Insight into Venetic culture

A riddle from the ancient past

About 400 stone and metal tablets, urns and implements dated about 400 BC, found near Padua on the site of the rich Este culture, is all that remains of the culture that flourished in the area more than 2000 years ago. Some inscriptions are in Latin script, 200 in the ancient Venetic script. Both the script and the language had till recently resisted attempts at deciphering.

We do not know what other materials may have been used and what other documents may have been lost through the past two millennia, so we are limited to the context of the tablets and purposes for which they were used. Within this framework the tablets offer considerable insight into the character of the Veneti and the way they viewed the world.

A number of archaeological discoveries give strong evidence that Este was an important centre of Venetic culture from the7th to the 4th century BC, with a great shrine to the god (or goddess) Reitia and more importantly, a school for scribes. Among numerous finds that include small bronze statues, various tools and weapons, vases, clasps, money, were 200 inscriptions in the Venetic script and the so-called Alphabet Tablets, which were thought to contain the key to the mystery.

The man who finally cracked the mystery of Venetic script was Slovenian poet and linguist  Matej Bor. He had studied the problem of the Venetic script over a number of years. An expert in Slovenian dialects, he believed, in contrast to the prevailing opinion, in the Slavic origin of the Venetic language (rather than Italic), He found enough indicators to warrant an investigation based on this premise, and set out to  solve the ancient mystery. His success, when he found the entry to the riddle on the Grammar Tablet , was swift and remarkable.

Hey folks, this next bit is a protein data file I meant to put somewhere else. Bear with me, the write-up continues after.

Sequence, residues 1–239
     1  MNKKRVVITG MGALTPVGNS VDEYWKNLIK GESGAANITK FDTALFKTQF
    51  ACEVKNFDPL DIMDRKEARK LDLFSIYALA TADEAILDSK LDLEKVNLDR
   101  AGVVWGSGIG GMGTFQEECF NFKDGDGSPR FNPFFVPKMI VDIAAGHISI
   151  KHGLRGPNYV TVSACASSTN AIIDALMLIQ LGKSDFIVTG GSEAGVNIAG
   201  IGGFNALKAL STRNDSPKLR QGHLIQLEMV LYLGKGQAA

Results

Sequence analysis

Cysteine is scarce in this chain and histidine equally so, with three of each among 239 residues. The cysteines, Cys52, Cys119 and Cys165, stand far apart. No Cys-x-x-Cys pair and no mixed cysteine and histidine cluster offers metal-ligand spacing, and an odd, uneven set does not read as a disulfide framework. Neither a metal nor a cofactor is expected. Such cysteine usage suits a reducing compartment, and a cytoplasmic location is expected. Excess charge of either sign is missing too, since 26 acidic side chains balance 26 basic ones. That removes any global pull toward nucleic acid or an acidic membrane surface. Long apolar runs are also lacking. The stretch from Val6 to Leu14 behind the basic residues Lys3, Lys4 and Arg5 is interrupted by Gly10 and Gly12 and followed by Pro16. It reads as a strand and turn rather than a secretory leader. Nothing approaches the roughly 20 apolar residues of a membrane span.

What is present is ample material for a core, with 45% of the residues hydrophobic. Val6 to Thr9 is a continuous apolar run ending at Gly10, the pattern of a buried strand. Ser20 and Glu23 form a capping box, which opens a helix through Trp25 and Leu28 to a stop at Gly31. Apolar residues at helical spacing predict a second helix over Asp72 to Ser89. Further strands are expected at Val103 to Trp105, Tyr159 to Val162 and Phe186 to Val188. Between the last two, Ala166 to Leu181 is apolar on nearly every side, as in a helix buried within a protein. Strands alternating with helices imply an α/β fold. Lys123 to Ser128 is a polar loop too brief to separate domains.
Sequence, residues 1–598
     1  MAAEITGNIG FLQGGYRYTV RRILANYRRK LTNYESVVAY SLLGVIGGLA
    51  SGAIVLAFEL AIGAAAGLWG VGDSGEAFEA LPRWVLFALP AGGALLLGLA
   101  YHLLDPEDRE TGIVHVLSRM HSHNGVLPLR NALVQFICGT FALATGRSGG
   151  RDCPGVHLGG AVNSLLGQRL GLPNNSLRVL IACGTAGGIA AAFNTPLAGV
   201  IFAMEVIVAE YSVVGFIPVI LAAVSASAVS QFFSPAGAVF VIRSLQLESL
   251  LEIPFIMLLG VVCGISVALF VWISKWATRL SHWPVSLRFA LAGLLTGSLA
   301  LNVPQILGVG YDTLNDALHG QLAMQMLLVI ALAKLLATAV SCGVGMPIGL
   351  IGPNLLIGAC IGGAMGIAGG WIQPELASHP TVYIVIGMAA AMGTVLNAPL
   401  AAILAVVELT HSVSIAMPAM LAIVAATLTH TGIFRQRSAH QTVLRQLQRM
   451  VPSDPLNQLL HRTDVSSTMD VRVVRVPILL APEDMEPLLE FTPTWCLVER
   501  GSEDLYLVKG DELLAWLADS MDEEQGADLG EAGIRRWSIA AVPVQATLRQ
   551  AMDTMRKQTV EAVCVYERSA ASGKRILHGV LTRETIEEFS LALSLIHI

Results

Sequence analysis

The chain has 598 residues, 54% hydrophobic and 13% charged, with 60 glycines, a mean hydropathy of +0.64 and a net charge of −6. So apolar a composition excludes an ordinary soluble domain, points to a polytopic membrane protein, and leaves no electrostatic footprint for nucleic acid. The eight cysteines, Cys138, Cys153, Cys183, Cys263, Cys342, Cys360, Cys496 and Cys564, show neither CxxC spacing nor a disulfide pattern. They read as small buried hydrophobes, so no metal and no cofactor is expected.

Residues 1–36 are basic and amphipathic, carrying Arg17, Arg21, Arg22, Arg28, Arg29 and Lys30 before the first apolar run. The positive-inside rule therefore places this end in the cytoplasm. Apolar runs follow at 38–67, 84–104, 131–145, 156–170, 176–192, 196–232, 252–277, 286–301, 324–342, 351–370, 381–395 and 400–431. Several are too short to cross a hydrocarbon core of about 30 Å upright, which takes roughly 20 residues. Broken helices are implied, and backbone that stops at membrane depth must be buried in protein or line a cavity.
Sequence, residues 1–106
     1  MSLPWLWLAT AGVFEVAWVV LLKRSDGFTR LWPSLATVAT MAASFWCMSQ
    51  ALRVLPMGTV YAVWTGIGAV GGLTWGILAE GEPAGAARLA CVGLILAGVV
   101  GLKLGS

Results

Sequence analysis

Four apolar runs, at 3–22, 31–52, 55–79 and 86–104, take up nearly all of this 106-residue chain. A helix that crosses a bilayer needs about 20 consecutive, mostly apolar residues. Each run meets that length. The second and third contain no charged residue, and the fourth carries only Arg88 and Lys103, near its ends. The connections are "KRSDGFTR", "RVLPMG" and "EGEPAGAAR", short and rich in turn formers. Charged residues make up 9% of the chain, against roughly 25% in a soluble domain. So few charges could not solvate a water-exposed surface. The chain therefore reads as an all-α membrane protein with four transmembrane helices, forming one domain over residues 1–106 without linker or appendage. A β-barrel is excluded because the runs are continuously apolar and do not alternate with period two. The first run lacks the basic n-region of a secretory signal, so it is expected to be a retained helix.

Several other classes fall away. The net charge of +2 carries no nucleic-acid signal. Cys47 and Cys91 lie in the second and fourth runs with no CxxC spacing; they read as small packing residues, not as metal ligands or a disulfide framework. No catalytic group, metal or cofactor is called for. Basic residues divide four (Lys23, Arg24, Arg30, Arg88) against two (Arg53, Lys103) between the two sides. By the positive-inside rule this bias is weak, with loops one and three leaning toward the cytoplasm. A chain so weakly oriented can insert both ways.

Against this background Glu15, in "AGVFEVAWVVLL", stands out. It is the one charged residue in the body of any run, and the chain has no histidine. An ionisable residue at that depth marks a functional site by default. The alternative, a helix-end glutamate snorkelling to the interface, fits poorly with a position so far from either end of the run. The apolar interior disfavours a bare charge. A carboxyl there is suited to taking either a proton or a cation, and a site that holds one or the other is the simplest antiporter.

As it sometimes happens, Bor was yet again studying Tablet Es 24 containing the mysterious word akeo, when he had a flash of intuition. The scholars had read the inscription of rows of identical letters starting from the bottom, and came up with the repetitions of akeo.

The tablet marked Es 24 which led to Bor's discovery of the verb jekat, contains on the bottom row among the consonants also several vowels. Veneti like Etruscans often left out vowels, especially those that were not accented or were reduced. Bor wondered if the row of letters contained a riddle for the students - a saying or a proverb. His premise was confirmed. When Bor inserted suitable vowels, the resulting version was very close to the modern Slovenian.

VIDIJ TI KI LIMINI POŠIRIŠ TU BOGA (text with inserted vowels)
Videc, ki tablice razširjaš tu boga
Seer, thou who spreadest here the tablets of god

The most numerous among the tablets are funeral inscriptions. They speak of fire, of peace and sorrow for the departed. and are often moving and poetical. Considering the limited context of the inscriptions, the range is great. On stone, metal, urn and implements are inscribed short pithy invocations to the god Reitia, against illness or dangers of travel, advice to the drinker, warnings about dangers of fast driving, salutations, prayers and protective charms.

There are also riddles and inscriptions on tools and weapons, ensuring best possible effect for the user. While all give an insight into these ancient people's thinking and way of life, some are more than that. They demonstrate an unexpected level of sophistication. Veneti had a sense of humour, enjoyed their wine, sent their dead from this world with poetry, humour and encouragement, prayed to their god for health and safety. They also loved word plays and riddles.